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C-Section Recovery, Breathing and what to do in the first 6 weeks.

By Angela Jameson on 5 October 2020

I am sure my father in law would not mind me using him as a reference but a few years ago now, he had a hip operation to help repair his hip joint after falling from his road bike on a closed circuit cycling event. Since his operation he has had multiple follow up appointments with his surgeon, physiotherapist and hydrotherapy to help his recovery with plenty of ‘homework’ to be done at home in between appointments. He has worked very hard to recover and rehab his hip and he has had to retrain his body to return to his ‘normal’ pre-injured activity level and he is still not quite there yet.

Since the arrival of my baby boy via a C-section it got me thinking about all the women who return to exercise post a C-section and how little information women are given about the process. After my boy was born, I was told the following

  • 1. Dont lift anything (heavier than your newborn baby)
  • 2. Dont drive for 6 weeks
  • 3. Dont go up and down stairs if you can help it

WAIT A MINUTE! WHAT?! How am I supposed to cope? I have just had MAJOR ABDOMINAL SURGERY!!!

Luckily for me I had 2 of the most amazing women in my life come and save the day, my mom and mother in law! Phew! Without them I am not sure how I would have gotten through it! They came and did the washing, cooking, cleaning, school pick up and drop off and walking the dog. I could not have done it without them! Oh! and not to forget my fabulous childminder who came to collect and drop off my daughter so she had some fun and other kiddies to play with whilst I could rest and recuperate. Plus, my brilliant husband who took the bull by the horns, and did so much more than I could have asked him to do so that I could just rest and recover.  So, it took a team to help me within the first 6 weeks, but thats not even mentioning my active steps to recovery!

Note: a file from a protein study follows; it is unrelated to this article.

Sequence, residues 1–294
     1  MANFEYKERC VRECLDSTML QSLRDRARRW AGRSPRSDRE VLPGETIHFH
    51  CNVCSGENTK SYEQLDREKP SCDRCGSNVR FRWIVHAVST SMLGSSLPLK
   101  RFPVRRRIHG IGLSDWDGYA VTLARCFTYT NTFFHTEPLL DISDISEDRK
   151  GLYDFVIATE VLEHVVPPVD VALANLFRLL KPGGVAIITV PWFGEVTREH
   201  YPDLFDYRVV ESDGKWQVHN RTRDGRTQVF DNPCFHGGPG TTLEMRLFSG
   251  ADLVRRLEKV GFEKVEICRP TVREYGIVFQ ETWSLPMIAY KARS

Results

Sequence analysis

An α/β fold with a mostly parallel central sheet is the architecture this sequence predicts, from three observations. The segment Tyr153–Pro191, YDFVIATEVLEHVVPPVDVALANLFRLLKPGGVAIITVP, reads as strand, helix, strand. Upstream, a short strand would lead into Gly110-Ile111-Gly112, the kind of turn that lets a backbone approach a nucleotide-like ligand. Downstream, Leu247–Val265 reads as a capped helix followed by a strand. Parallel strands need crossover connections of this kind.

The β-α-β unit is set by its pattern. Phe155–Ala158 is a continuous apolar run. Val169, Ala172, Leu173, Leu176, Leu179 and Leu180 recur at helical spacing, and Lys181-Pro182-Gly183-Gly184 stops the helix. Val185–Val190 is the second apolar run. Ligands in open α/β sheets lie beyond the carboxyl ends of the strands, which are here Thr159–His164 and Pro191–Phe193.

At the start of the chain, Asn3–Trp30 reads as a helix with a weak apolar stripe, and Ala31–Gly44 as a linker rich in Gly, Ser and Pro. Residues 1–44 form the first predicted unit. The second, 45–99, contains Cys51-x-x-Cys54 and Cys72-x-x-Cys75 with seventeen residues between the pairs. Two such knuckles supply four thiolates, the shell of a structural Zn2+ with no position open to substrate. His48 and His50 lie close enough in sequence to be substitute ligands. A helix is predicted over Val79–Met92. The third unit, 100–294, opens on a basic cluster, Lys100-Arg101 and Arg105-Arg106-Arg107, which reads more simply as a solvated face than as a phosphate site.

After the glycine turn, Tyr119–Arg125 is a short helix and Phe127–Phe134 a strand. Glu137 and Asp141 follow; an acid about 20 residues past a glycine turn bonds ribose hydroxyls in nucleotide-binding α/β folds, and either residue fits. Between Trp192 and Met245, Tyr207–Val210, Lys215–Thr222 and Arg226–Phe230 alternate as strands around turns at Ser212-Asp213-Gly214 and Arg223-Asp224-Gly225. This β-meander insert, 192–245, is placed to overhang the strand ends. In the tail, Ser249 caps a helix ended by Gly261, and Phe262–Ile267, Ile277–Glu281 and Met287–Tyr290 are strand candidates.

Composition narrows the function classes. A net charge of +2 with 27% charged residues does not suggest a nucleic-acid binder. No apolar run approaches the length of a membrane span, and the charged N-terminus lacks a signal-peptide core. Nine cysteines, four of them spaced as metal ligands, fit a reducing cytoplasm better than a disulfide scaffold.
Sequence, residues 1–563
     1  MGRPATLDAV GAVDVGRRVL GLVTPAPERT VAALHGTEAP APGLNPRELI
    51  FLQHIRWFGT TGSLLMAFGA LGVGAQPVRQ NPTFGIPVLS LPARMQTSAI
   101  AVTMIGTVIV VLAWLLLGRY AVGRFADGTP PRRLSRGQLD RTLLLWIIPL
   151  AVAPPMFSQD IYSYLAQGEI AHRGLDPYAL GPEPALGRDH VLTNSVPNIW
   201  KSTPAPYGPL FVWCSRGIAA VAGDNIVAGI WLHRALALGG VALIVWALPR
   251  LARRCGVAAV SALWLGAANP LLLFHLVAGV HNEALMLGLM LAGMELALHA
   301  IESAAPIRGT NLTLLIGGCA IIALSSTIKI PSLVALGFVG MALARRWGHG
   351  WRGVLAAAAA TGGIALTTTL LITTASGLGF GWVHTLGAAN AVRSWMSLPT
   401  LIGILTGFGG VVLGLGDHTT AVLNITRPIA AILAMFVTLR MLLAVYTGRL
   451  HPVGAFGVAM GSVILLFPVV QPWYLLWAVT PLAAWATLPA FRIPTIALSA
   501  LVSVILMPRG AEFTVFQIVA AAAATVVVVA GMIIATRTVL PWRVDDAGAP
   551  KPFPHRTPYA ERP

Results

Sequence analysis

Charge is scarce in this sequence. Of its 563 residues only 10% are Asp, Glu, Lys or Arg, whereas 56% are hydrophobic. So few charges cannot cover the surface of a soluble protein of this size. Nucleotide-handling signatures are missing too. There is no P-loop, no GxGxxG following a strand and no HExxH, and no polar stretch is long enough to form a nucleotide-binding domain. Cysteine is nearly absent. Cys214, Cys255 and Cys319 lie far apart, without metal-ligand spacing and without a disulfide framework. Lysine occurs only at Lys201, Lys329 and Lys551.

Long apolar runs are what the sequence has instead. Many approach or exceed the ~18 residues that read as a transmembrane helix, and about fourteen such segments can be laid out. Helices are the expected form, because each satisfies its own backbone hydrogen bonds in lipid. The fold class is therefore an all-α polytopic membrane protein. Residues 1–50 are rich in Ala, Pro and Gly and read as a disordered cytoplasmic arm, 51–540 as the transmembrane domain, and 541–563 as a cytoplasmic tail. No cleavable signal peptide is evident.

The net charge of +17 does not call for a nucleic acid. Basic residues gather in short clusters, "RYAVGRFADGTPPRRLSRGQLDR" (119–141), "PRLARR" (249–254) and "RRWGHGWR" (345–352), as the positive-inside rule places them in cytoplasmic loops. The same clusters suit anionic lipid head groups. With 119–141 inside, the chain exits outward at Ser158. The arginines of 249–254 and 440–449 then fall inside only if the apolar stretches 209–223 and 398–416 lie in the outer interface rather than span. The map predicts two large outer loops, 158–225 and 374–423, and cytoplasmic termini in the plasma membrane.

WHAT!!! A women who has had MAJOR (and I say MAJOR) abdominal surgery should wait 6 weeks before they are signed off by their GP to get going and start exercising again! STOP! NO! PLEASE WAIT!!

Where is your physiotherapy referral?

What about how to move during those first 6 weeks?

What exercises are safe for me to do and what should I avoid?

How do I care for other siblings whilst I have a newborn?

I am here to tell you how you can start to do things within the first 6 weeks to help with your healing process; so take a deep breathe and lets begin…..

  • 1. Rest and relax as much as you possibly can
  • 2. Rolling over every time you aim to sit up or lie down, aim to lie on your side first. This will avoid any crunching or sit up type position which will put a lot of pressure on the scar and abdominals.
  • 3. Restore your breathing. Start re-connecting with your breathe. Super easy and simple to do when lying in bed resting. Breathe in to feel ribcage and belly gently expand and relax and breathe out to feel ribcage soften in and down, naval draw gently towards spine and engage your pelvic floor gently. Before you do any lifting, rolling or sit to stand movements try practicing your breathe and breathe out to perform the movement or lift.
  • 4. Walking  – increase your walking slowly depending on your energy levels. Some days you will feel great and other days you might feel like you have taken a step backwards. That’s quite normal. Go with your body, and if you feel great do some more walking and if not, rest more. Eventually you will feel up for doing more even if at the time you don’t feel like that will ever happen!
  • 5. See a women’s wellness physiotherapist in your area. Even if you don’t have pain or discomfort it would be a good idea just to have an overall clearance with a professional who understands what you have gone through and can really tell you how your body is healing.
  • 6. Start some gentle exercises. (guided my a fitness professional who specializes in women’s health and fitness)  This very much depends on each person, some feel ready to go within 2 weeks of a C-section and others take much longer.
  • 7. Don’t be hard on yourself and this is not a time to push yourself to test your limits, go with your body and if it says yes I am ready to try and do more, then do, and if you feel exhausted the next day it’s a sign your body is still recovering and building its strength so do less. Eventually your body will just do what you are asking.

Happy Healing! 

Go slow and build a strong foundation!

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